01 Bivariate data

So far, we have looked at one set of data and worked on that. We found the central values of the dataset, its variability and we also compared two datasets where we could. But the common thing is that we have one dataset in one graph, like the weights of 30 dogs, or the number of words of different lengths.

But in real life, it is pretty common for us to have multiple datasets describing different variables for the same dogs, or the same people. Many statistical questions also deal with potential relationships between two quantitative variables. This is called bi- variate data, which is data collected on two variables from each individual in a group.

For example, we can have weights of 30 dogs as well as their heights. We have the exam scores for all students in the class as well as the amount of time they studied for the exams.

Let’s look at the table of dog height and weight for a few dogs.

At first glance, can we see any kind of pattern in the two columns given?

Seems pretty random right?

How about the table given below?

Here we see that both values increase as we go down the table. This is simply the same table ordered from before. So we can say that as the height of a dog increases, its weight also seems to increase. Seems pretty obvious right? But in some cases, two quantities might not be increasing together, they could have a completely different pattern than what is expected. This is where the idea of looking for patterns between two (or more) quantities comes into play. We will see more examples later.

Here, we said that an increase in height increased the weight. Can we also say that an increase in weight increases the height as well? Not always right? A dog might be gaining weight with too much food but does not increase in height. So, in cases like these, one is usually the response variable, like the weight in thai case and one is the explanatory variable, height in this case. Basically, changes in one effect changes in the other - one explains the response we get!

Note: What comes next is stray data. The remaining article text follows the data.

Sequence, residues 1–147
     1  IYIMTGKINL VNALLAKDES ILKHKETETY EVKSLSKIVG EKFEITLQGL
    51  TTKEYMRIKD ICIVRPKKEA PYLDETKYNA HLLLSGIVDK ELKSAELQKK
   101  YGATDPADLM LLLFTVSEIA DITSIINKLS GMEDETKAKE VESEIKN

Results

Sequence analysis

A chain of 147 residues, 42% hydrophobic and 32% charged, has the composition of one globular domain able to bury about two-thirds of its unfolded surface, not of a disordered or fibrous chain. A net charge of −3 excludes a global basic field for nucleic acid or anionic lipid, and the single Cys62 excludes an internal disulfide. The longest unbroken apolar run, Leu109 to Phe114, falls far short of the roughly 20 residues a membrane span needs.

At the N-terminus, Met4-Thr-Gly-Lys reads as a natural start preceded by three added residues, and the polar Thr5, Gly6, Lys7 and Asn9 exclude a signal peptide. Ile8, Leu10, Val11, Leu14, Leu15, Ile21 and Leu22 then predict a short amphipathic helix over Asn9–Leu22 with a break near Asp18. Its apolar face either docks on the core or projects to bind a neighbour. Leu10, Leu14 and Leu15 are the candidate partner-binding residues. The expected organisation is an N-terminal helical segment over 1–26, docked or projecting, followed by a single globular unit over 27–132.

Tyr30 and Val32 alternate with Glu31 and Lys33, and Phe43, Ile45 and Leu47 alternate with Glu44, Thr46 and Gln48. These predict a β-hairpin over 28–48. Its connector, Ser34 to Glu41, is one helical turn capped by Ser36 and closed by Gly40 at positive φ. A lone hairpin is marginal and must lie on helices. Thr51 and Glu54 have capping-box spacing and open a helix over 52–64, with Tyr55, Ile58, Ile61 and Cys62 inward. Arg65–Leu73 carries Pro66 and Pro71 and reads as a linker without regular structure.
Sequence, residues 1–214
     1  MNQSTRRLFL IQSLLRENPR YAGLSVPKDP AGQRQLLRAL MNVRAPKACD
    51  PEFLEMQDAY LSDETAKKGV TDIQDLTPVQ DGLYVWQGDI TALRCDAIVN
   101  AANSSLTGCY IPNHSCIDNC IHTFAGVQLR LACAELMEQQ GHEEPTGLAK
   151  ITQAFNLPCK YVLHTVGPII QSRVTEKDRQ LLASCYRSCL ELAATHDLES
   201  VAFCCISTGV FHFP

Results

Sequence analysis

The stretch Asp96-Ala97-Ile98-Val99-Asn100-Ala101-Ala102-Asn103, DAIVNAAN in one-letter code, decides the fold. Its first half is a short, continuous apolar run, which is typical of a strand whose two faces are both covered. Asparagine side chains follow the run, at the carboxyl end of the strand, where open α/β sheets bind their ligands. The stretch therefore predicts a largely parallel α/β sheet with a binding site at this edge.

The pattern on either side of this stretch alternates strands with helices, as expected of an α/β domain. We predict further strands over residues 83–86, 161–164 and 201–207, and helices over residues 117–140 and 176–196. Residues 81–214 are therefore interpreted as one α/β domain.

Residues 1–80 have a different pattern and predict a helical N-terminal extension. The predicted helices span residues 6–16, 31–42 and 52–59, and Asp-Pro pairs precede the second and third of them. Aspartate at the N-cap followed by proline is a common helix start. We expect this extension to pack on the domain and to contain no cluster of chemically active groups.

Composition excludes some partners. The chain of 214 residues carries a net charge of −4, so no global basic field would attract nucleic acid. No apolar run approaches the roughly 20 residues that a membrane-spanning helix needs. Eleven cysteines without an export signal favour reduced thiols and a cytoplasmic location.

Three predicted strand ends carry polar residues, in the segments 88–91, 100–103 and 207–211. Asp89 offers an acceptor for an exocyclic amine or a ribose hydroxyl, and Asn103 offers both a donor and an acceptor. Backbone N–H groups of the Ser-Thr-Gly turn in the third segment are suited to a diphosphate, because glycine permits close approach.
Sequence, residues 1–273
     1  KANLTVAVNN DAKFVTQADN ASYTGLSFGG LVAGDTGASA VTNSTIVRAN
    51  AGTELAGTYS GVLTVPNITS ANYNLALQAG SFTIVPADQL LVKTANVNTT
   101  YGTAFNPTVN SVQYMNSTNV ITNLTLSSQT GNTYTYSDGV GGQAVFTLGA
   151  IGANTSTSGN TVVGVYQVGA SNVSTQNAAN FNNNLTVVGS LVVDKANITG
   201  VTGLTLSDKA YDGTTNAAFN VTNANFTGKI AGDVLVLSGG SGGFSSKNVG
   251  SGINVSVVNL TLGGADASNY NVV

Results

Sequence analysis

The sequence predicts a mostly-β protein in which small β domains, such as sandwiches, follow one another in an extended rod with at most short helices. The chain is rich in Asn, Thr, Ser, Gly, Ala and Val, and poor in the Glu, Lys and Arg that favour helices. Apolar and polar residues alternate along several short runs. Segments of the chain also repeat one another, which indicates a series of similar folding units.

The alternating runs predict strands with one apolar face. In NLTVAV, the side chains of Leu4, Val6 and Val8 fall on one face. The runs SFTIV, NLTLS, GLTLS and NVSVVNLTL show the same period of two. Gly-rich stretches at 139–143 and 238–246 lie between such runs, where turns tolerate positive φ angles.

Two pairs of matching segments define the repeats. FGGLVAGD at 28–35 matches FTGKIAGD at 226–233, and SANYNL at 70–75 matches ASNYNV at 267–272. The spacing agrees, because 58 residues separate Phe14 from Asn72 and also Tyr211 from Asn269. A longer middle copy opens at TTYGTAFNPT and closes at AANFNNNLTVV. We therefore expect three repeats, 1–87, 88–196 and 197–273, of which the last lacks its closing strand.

In some cases, these are also called independent and dependent variables. Explanatory is independent since it is not affected, rather it affects the response variable, which is why it’s called the dependent variable.

Keep in mind that in some cases, it could be difficult to sometimes know which is the explanatory variable and which is the response variable. For example, we have two variables - hearing loss and the volume of music. Does the high volume used depend on hearing loss? People with hearing loss would listen to music at a higher volume. Here, hearing loss is independent and high volume depends on it. Or, does hearing loss depend on the high volume? Did they get hearing loss due to high volumes? Here, high volume is independent and hearing loss depends on it. Well, it depends on what we are studying. What exactly do we want to know? Once we have the context, we can usually determine which is the independent and dependent variable.

Let’s go back to our table with dog weights and heights. We could easily arrange the data we had and observe the underlying pattern within it. But, what if there was a lot more data?

Unlike before, there is a lot more data here. Arranging them, whether in ascending or descending order will be a hassle.

So, is there a visual way we can do it? Graphs were very helpful in our previous cases, so let’s try it out again. We have two datasets, one for height and one for weight, so let’s make two graphs for them.

Let’s make two dot plots and see what they look like.

Each of the dot plots shows us the distribution of each variable - height and weight of dogs. We could have also used a histogram. But the problem is, how do two different plots help us show any relationship between the two variables we have (height and weight of dogs)? The answer is, very little. We can barely see any relationship between or association between the two variables when we make two separate plots.

The obvious solution to this is to make just one plot. We need to shift the idea of just using one axis for one variable, that we have done so far, to using two axes to represent the two variables we now have.

It’s easy enough to do, you’ve probably already done it many times in coordinate geometry and algebra already.
It is kind of like a universal rule to mark the independent variable in the x axis and the dependent variable in the y axis. We get the following graph by plotting height on the x axis and weight on the y axis.

This plot, which is called a scatter plot, clearly shows us the pattern visually. The point of having both variables on the same plot is that it clearly shows us the association or relationship between the two. We can see that as the height increases, weight also increases. We could have arranged the data in the table to see if increasing one increases the other as well, but such visual ways are pretty great ways to see the pattern as well. We also do not need to go through all data and painfully rearrange them.